Global Policy Forum

UN Sets Up Food Crisis Task Force

April 29, 2008

The United Nations Secretary General Ban Ki-moon is setting up a task force to tackle the global food crisis.

Mr Ban said the world faced "widespread hunger, malnutrition and social unrest on an unprecedented scale" because of soaring food prices. He said the priority was to feed the hungry by closing a $755m (£380m) funding gap for the UN's World Food Programme (WFP) this year. He urged donor countries to make more money available now. The WFP believes 100 million people are currently going short of food. It says only 62% of the $755m it needs to feed them has been pledged so far, and, of that, only $18m has actually been received.

Supporting farmers

The task force, to be chaired by Mr Ban, will be made up of the heads of UN agencies and the World Bank. "The first and immediate priority issue that we all agreed was that we must feed the hungry," Mr Ban said after a meeting of agency heads in the Swiss capital, Bern. "Without full funding of these emergency requirements, we risk again the spectre of widespread hunger, malnutrition and social unrest on an unprecedented scale." Mr Ban said it was essential to support farmers in poor countries who were producing less because of the high cost of fertilizer and energy, and to this end he said the task force hoped to:

  • offer $200m financial support to farmers in the worst affected countries to boost food production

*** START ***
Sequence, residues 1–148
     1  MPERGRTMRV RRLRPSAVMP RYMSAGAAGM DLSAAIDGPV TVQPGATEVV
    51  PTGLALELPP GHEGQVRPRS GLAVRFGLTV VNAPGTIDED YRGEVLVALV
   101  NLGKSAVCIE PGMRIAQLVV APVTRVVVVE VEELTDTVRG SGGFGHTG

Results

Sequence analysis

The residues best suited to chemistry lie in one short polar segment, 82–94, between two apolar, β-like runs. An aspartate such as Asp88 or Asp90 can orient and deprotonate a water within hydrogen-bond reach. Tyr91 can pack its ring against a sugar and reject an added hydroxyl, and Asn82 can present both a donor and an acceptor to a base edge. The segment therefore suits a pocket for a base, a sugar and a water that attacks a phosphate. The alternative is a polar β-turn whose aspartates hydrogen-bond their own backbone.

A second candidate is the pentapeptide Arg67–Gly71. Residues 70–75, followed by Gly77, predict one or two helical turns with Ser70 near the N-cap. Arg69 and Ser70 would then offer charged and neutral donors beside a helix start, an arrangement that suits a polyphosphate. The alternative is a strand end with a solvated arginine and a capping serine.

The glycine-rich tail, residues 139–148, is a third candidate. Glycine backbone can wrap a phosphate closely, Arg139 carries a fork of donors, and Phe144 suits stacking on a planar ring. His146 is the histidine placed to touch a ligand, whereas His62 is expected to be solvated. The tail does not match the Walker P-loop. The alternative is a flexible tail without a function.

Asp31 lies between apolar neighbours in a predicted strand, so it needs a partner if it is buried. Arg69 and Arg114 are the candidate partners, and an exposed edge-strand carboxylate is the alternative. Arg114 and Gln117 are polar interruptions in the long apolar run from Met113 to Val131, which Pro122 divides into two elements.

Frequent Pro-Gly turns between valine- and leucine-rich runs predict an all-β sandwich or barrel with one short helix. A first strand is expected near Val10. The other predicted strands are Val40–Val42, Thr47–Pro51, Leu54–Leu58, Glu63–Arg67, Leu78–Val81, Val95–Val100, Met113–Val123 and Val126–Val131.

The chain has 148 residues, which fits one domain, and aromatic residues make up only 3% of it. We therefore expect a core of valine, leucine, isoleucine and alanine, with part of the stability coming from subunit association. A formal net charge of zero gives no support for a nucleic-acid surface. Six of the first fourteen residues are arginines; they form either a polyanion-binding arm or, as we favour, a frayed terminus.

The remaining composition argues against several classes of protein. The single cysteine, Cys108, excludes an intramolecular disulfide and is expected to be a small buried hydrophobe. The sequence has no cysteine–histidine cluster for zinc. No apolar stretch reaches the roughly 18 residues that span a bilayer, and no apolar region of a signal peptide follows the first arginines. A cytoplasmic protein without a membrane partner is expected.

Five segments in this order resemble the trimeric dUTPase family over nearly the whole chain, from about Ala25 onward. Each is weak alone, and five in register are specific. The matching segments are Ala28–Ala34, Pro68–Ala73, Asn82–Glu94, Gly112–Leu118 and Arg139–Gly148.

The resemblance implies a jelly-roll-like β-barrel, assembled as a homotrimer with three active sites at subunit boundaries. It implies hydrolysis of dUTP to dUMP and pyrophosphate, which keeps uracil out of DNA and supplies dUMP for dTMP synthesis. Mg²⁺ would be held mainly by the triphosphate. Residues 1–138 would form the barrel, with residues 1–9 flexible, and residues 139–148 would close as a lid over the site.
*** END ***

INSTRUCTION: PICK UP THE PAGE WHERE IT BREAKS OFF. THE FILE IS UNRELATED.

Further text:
• set up a $1.7bn programme to help countries with a food deficit to buy seeds

    For its part the World Bank said that it would:

  • double its lending for agriculture in Africa over the next year

  • consider providing quicker and more flexible financing for poor countries

    Mr Ban said Africa could double its production of food in a few years with an annual investment of $8-10bn. He also called on the international community to "urgently address trade-distorting subsidies in developed countries, and the ongoing Doha trade round. "But also in the long term we need to address the challenges caused by climate change," Mr Ban added.

    The head of the World Bank, Robert Zoellick, who also attended the meeting in Bern, urged countries not to use export bans to protect food stocks. "These controls encourage hoarding, drive up prices and hurt the poorest people around the world who are struggling to feed themselves," he said. His comments came as India decided to tax exports of basmati rice as it tries to control domestic inflation, Reuters news agency said. India banned exports of non-basmati rice in March.

    Renting fields

    The prices of staple foods including rice, grain, oil and sugar are all at least 50% higher than they were this time last year. On Tuesday the Beijing Morning newspaper reported that China might lease fields in Latin America, Australia and the former Soviet Union to replace farmland lost to urban and industrial development. Meanwhile in Washington, US President George W Bush said he was "deeply concerned" by high food prices at home and abroad.

    He said that diverting corn for the production of biofuels had only accounted for 15% of the rise in prices, which had otherwise been caused by weather, energy prices and increased demand. "It's in our national interest that we - our farmers - grow energy, as opposed to us purchasing energy from parts of the world that are unstable or may not like us," he added. Mr Bush said the long-term solution would be to switch to cellulosic ethanol, which uses grasses or other non-food sources to produce fuels. He also said he had made a proposal to Congress on buying food from local farmers so that countries could become "self-sustaining".

    More Information on Social and Economic Policy
    More Information on Lack of Hunger Relief and Other Food Aid Challenges
    More General Analysis on Hunger


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